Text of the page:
Here at Wide Open Country, we love sharing our favorite music, whether it's a brand new track that you haven't heard or an oldie that deserves some new attention. Each week, our team of music writers spotlight one song that stands out among the pack. Here's what we're listening to this week.
Lorie's Pick: "Crush On Her," Escondido
If you slept on Escondido's 2016 LP Walking With a Stranger, you missed out on some of the most spirited and infectious alt-country around. Now, the duo is gearing up to release their new record Warning Bells, due out Sept. 14. This fresh cut from the record brings back all the elements that made me love their sound from the beginning -- stylish vocals, clever lyrics and undeniable instrumentation.
Bobbie Jean's Pick: "One More Red Light," Cassadee Pope
Rachel's Pick: "Strong and Tender," Eli Conley
Eli Conley spoke with me a few months ago about his involvement in the queer country scene. It was also on the eve of his wedding. As a listener, it felt a like a good time to catch him -- about to embark on an important chapter and reflecting on all of his accomplishments so far. On his latest album, Strong and Tender, Conley's truly mastered his craft. The songs here examine our most important relationships: romantic ones, of course, and the ambiguity they can contain; our gender identities, and our relationships with ourselves and our mortality. On "Strong and Tender," Conley dives into the aftermath of a painful conflict and the ways those separations can reverberate many years later.
Annalise's Pick: "Get Back to the City," Juanita Stein
Imagine Lana Del Rey on horseback heading toward Joshua Tree as the sun sets, and you'll hear Juanita Stein's voice as she sings "You gotta get back to a place you know well." The Australian frontwoman cut her teeth in the indie rock band Howling Bells and recently stepped out on her own as a solo artist in 2017 with her debut, America. As artists like Kacey Musgraves and Ruby Boots bend pop and rock into country, Stein bends country to her will, creating a dreamy, hazy 70s landscape in her songs. "Get Back to the City" urges the listeners who have settled for someone beneath them in exchange for some kind of long term committed relationship (who can relate) to snap out of it, recognize her worth, and get back to making happy the only person that matters: Themselves.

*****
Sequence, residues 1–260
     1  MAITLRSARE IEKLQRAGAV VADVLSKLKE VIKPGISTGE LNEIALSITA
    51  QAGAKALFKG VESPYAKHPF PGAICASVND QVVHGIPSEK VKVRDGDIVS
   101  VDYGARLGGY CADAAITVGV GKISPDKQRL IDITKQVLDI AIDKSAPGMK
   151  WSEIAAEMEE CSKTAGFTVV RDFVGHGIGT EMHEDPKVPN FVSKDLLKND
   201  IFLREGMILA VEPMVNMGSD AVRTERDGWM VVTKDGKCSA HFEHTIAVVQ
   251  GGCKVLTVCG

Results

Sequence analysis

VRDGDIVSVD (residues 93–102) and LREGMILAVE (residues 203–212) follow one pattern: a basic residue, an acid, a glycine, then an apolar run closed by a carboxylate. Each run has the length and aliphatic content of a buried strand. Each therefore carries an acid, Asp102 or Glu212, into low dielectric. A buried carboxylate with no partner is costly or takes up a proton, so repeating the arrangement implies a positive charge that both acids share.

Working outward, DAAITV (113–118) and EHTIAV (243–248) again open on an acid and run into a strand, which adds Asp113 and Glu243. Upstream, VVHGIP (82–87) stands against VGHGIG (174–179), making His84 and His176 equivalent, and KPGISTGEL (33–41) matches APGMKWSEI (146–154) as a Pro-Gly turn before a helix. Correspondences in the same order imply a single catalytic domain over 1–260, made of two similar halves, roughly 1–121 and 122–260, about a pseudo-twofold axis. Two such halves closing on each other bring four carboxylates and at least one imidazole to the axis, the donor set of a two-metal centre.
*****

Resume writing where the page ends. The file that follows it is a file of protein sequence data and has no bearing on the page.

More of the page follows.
Bobby's Pick: "The Black," Beitthemeans
Why should the melodic metal sound of "The Black" and other cuts off Beitthemeans' Alabama Calling EP matter to country and Americana fans? Because guitarist and singer Josh Jones, bassist Casey Wilson and drummer Nathan Kelley bring the rich storytelling you crave--and sometimes get shorted--from those genres.
The Birmingham, Ala. band's music video for "The Black" takes an already lurid tale and makes it the backdrop for what resembles a lost episode of Black Mirror. It was made by a lot of folks involved with Blackberry Smoke's "Rock and Roll Again" video back in 2015, including director/editor Video Rahim, producer Ashley Simpson and cast member and Biters guitarist and singer Tuk Smith.
Jeremy's Pick: "Nashville," Tony Lucca
Tony Lucca got an early start on The Mickey Mouse Club with fellow musicians like Justin Timberlake, Britney Spears and Christina Aguilera, but his songwriting is miles apart from those pop stars at this point. "Nashville" is a song he wrote in homage to his new home after making the move from Los Angeles. It's a delicate song with some really gorgeous lines that capture the true essence of what every songwriter feels when they move to town. Lucca also made waves when he finished third on the second season of The Voice. It's nice to hear him be a bit more subdued on this track than typical reality show fare, even showing an impressive (to me, at least) whistling side.
Olivia's Pick: "Uh Huh," Jade Bird
Thomas' Pick: "Too High Now," Will Courtney
Last week, singer-songwriter Will Courtney announced the album Crazy Love (due out Sept. 21) with the release of "Too High Now," the album's driving lead single. The crunch of twin guitars kick into high gear like a lead foot rushing towards a weekend bender. Still, buried beneath is a lonesome wail with desert-swept pedal steel and Courtney's own lamenting howl that sounds like a laid-back and loose Patterson Hood (Drive-By Truckers). Those pedal steel swells area straight out of the California country playbook, along with the subtle piano use. They're flushed with a pastel warmth that accents Courtney's rambling '70s state of mind.
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